DogDogs are offered in large quantities in classified ads under the animal market: mixed breeds, pedigree dogs, designer dogs and much more are found here looking for a human family. Rarely serious and unfortunately, the reality often looks like this: ill-advised purchases, a lack of dog-friendly apartments, separation and divorce, career changes and the like often lead to the sweet puppy being back on the market after just a few months ends up in the animal shelter. But now about castration.

The animal shelters are overflowing, and at the same time new dogs from animal shelters abroad are constantly coming into the country.

No wonder, then, that there are repeated calls for general castration of all dogs that are not explicitly used for breeding in order to stop the flood of unwanted puppies. But castration is not only a means of birth control, but also a surgical procedure. We examine castration with its positive and negative aspects.

A distinction

First of all, one thing: Castration and sterilization are two different things, even if they are often used similarly in common parlance. Sterilization means an interruption of the ability to reproduce and has no influence on the hormonal status, while castration means the removal of the gonads, whereby the animal loses a production site for hormones with the ovaries or testes, which can also lead to behavioral changes.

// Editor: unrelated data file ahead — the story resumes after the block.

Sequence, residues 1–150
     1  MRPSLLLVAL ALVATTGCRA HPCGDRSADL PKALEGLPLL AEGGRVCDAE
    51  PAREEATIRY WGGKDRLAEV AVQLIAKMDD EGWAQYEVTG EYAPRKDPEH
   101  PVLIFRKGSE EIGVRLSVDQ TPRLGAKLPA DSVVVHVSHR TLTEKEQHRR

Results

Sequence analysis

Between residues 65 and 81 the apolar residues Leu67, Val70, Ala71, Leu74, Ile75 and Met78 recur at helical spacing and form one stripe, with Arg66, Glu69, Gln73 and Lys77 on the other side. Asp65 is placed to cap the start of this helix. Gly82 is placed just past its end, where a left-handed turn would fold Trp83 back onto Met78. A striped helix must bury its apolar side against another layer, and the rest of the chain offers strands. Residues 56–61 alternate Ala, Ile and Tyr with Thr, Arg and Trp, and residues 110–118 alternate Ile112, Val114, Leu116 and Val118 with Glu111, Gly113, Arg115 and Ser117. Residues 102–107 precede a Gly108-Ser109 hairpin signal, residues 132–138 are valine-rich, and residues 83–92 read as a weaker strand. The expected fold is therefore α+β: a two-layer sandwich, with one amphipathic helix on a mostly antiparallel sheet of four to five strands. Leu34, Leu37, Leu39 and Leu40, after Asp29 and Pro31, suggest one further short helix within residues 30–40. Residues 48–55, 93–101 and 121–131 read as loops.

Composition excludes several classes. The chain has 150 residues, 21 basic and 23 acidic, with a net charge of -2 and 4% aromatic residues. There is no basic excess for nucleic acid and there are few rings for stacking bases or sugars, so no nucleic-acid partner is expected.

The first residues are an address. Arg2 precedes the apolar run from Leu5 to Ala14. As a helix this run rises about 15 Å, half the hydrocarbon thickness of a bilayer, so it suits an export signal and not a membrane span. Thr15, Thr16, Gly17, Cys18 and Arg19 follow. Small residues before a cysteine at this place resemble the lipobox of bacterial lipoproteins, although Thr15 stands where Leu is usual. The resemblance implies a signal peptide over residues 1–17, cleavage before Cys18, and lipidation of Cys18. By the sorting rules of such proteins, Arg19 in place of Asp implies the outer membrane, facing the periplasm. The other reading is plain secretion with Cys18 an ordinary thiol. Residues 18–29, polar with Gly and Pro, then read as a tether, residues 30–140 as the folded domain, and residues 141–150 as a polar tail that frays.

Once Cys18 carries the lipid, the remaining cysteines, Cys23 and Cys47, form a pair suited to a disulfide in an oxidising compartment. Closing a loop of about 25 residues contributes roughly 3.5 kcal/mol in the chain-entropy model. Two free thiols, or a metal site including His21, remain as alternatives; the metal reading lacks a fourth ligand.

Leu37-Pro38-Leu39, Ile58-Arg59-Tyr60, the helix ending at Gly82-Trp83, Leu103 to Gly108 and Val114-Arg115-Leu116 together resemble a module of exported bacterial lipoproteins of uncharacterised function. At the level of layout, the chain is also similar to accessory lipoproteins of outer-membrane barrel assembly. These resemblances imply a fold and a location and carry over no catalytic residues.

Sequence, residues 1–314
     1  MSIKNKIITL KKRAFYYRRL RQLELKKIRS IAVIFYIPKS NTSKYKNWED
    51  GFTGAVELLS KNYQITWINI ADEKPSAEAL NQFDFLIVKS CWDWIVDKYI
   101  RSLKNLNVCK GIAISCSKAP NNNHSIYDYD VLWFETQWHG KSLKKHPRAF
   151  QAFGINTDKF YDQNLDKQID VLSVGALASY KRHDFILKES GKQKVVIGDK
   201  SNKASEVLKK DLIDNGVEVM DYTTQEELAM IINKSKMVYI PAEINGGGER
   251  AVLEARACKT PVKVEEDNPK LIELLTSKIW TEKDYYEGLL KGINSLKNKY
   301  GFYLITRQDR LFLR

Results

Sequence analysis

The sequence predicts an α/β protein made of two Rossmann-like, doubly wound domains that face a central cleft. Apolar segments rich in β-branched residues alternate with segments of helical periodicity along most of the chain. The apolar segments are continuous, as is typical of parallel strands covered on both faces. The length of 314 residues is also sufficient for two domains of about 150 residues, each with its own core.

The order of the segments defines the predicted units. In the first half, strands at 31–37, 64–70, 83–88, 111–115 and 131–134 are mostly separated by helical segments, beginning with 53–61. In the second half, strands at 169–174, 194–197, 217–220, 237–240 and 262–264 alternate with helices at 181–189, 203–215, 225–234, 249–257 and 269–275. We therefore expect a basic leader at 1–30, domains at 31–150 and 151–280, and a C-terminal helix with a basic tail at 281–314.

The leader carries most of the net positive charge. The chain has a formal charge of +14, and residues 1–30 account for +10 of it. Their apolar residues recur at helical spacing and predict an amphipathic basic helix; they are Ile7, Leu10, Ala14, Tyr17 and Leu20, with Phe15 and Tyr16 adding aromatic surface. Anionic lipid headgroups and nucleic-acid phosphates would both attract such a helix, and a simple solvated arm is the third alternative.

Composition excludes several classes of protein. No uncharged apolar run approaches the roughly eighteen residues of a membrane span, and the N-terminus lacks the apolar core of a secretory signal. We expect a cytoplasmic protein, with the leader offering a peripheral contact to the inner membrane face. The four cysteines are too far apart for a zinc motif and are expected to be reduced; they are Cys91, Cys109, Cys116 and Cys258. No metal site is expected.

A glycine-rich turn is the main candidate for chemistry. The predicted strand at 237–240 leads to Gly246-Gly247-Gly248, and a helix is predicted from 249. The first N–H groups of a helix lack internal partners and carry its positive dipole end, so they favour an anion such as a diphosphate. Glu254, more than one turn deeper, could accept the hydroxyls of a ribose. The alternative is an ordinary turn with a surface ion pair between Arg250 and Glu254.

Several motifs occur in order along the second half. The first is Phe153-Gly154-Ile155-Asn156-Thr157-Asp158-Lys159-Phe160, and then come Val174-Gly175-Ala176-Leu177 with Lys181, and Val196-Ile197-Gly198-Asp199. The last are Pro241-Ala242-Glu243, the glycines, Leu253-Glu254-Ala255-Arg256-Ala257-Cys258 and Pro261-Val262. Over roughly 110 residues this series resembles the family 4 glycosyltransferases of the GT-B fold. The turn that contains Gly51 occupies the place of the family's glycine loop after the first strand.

For male dogs, it is possible to either cut only the vas deferens (sterilization) or to completely remove the testicles (castration).

In the first case, the hormonal status of an intact male dog remains intact: The dog remains interested in female dogs in heat and tries to breed – similar to a man who has had a vasectomy, sexual behavior and behavior remain Personality is unaffected by the procedure, only reproductive ability is affected. However, since the surgical procedure is usually not exclusively about preventing fertility, castration is usually carried out directly.

In the case of castration, significantly fewer male hormones are produced due to the absence of the testicles: The male dog loses interest in reproduction, which is why other male dogs are less perceived as rivals. Territorial behavior and dominance behavior also often decreases, as the alpha position in the pack is always linked to reproductive ability – only the alpha male is allowed to reproduce; those who are not allowed/cannot do so have a lower and therefore more peaceful position in the pack .

The fallopian tube of female dogs can also simply be cut in order to sterilize them. However, the female will then continue to go into heat and the likelihood of false pregnancies increases greatly. In addition, in many cases nature reverses the procedure within a few years – the operation that has already been carried out has to be repeated because the severed fallopian tubes have grown back together.

That’s why castration is usually recommended here, in which the ovaries are completely removed. Depending on the form of castration, the uterus is either removed or remains in the womb – the veterinarian must decide individually based on medical aspects which form is more suitable for a bitch.